LANDISVILLE, Pa. — Striking Kellogg’s cereal workers, members of Bakery, Confectionery, Tobacco Workers and Grain Millers Union Local 374G, held a cookout and rally at the fire station pavilion here Oct. 30. Some 1,400 BCTGM members have been on strike since Oct. 5 at four plants — in Battle Creek, Michigan; Omaha, Nebraska; Memphis, Tennessee; and here in Lancaster County. There are over 360 Local 374G strikers.
Critical issues are at stake, especially the bosses’ insistence on keeping a two-tier wage system that pays new hires roughly half what workers hired before 2016 get. One of the most popular signs on the picket line is “Equal pay for equal work.”
Other key issues include the bosses’ demands to end a cost-of-living clause in the contract that helps defend workers’ wages from the ravages of inflation, to cut vacation time, and make workers pay more for their health insurance.
Strikers heard from Local 374G President Kerry Williams, as well as David Woods, the union’s international secretary-treasurer, and Roger Miller, East-Central Region vice president.
“All four locals are standing strong,” Woods said. “We’re in this to win it.” He pointed to BCTGM strikes earlier this year, at Frito-Lay and Nabisco, where workers made gains and set an example.
“Our strike has received overwhelming support around the country,” Miller added. With that kind of solidarity, “We can win.”
Woods reported the company had agreed to a new round of negotiations at the beginning of the week, in Arlington, Virginia. All four locals will be represented.
Williams thanked Bakery Workers Local 6 from Philadelphia, whose members brought food and beverages for the cookout.
Pickets are up 24/7
The local is keeping pickets up 24/7 at the company’s East Hempfield Township plant gates. The bosses are bringing in scabs to try and keep some production going and to demoralize the strikers.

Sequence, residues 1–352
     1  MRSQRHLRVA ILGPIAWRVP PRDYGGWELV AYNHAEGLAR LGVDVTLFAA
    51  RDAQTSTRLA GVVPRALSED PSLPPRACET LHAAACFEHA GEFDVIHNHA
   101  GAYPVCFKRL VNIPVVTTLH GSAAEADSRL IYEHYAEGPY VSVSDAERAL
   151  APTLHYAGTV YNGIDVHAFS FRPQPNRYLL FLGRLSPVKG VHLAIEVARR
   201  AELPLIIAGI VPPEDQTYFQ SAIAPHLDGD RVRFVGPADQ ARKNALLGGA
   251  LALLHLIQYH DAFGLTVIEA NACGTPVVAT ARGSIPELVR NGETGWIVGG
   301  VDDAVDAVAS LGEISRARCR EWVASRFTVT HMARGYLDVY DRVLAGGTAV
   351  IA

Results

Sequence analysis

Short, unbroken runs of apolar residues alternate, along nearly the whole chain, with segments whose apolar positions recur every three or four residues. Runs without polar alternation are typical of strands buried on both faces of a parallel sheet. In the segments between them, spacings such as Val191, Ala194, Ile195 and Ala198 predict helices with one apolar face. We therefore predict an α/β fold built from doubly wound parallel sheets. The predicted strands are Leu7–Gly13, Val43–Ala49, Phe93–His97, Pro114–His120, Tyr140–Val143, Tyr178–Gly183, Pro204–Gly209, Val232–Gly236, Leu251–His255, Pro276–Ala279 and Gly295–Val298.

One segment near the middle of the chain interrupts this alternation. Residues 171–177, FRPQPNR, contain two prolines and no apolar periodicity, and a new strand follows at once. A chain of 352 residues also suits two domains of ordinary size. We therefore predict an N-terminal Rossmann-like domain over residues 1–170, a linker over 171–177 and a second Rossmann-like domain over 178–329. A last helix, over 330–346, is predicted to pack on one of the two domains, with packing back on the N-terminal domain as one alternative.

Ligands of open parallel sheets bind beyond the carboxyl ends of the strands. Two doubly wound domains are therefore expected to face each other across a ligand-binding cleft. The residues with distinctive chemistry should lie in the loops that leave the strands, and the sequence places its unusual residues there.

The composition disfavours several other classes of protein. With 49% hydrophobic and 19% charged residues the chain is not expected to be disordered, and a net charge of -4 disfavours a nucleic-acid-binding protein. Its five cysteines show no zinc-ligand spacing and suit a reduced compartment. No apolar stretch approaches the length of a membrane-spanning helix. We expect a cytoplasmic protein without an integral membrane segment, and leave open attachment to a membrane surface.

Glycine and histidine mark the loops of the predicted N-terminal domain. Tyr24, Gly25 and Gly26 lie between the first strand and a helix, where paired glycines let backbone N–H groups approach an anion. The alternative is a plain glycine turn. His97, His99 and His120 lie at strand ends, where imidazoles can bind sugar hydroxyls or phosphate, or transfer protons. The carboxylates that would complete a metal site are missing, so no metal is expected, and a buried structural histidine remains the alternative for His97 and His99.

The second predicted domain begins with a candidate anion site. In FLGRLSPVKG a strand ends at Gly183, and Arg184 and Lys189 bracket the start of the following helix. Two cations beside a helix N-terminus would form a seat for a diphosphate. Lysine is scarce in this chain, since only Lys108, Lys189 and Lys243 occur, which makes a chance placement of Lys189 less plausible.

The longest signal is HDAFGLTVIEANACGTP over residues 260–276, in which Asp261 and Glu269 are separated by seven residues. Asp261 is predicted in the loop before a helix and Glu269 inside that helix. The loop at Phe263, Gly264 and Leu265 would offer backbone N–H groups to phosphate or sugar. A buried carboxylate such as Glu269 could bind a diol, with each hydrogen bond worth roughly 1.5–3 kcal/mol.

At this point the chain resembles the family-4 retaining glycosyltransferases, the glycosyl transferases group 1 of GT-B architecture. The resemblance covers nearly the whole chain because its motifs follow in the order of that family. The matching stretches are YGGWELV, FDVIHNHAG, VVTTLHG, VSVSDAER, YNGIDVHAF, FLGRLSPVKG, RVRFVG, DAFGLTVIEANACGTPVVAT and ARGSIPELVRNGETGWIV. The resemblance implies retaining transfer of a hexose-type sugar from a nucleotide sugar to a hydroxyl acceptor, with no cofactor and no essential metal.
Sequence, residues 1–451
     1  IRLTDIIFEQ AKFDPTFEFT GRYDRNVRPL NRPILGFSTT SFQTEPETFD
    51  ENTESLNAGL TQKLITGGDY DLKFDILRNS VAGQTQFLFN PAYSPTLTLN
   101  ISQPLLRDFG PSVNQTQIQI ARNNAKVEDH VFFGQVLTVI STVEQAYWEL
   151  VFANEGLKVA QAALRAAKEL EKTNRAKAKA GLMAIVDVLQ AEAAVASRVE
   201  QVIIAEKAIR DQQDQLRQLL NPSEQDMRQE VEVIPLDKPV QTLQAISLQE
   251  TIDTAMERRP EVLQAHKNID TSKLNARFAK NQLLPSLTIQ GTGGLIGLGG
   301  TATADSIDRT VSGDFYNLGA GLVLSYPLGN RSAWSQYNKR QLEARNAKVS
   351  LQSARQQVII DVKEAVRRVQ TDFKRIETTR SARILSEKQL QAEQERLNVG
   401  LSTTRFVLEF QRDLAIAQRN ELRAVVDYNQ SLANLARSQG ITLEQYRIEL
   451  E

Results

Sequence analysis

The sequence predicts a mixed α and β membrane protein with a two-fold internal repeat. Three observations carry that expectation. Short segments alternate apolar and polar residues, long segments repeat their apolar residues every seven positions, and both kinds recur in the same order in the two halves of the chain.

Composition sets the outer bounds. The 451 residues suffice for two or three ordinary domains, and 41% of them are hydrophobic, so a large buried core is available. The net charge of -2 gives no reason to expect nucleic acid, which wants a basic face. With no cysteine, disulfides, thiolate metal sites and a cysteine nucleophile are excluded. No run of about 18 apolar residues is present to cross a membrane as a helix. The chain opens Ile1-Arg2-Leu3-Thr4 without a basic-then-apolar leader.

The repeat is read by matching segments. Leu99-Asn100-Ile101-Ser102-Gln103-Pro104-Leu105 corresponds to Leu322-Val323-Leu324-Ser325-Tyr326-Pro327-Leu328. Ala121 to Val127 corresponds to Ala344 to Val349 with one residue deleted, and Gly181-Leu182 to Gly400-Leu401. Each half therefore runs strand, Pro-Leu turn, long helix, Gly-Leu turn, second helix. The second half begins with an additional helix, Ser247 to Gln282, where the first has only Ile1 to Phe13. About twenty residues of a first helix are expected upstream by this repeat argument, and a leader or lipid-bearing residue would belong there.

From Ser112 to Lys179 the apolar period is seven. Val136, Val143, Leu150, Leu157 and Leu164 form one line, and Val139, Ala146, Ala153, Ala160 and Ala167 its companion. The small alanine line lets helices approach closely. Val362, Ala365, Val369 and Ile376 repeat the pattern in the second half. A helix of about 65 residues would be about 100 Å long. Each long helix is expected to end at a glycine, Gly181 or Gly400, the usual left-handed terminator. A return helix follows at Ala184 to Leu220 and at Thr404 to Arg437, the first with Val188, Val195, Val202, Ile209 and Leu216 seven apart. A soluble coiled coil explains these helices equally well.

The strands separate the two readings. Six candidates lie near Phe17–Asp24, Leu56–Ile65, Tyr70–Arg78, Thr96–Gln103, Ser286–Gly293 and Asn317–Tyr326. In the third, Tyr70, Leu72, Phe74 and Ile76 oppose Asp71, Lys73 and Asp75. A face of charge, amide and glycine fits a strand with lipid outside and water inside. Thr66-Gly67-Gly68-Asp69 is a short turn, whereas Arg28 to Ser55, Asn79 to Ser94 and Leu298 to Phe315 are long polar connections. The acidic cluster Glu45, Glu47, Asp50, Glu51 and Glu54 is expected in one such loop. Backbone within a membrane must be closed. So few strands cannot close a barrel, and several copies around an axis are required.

After the event this Militant worker-correspondent joined the day’s afternoon picket shift, talking with strikers as they waved to passing drivers.
“What is happening here with our strike, we’re revitalizing the union,” Keith White, an 18-year veteran at the cereal plant, said as we walked the line. I asked if the company is getting much production with the scabs. Pointing to the steam pipes beyond the fence with intermittent puffs of vapor, White said, “less than 25%.”
“Nabisco strikers set the stage for what we’re doing,” said Cheri Wilson, who’s Black and has worked at Kellogg’s for 33 years. “We’re fighting for the future. For the younger workers. We’re out here for the union.”
She said during her shifts no one has crossed. “Even part-timers and students who aren’t in the union have honored our pickets. It’s a testament to the solidarity in the broader Lancaster County.”
Wilson told me the union had played a part in pressuring the company to employ more African Americans.
Since the walkout began the local has won support and donations from unions and small businesses in the area and across the state.
Support has come from United Steelworkers Local 7687 in York, as well as USW Local 287M in Lancaster County. Two building trades unions, IBEW Local 24 and Carpenters Local 431, joined the picket and brought coffee and hand warmers. And rail workers from SMART Local 830, based in Harrisburg, joined the pickets and brought breakfast.
A number of local and national political figures have come as well. John Fetterman, Pennsylvania’s lieutenant governor, attended the cookout and expressed his support for the union. U.S. Secretary of Labor Marty Walsh came to the picket line a couple days earlier. “The company is playing hardball. They want to see who’s going to break first,” warehouse worker Joseph Credito told him. “Well guess what? I’ll stay out here as long as it takes, one day longer than they will.”
As of the cookout, Local 374G has received donations of more than $56,000 through the union’s website.
The international union’s website — BCTGM.org — has two special sites, one describing the issues in the strike and the other listing five ways you can support the strikers. The latter offers internet links where you can contribute to each of the striking locals.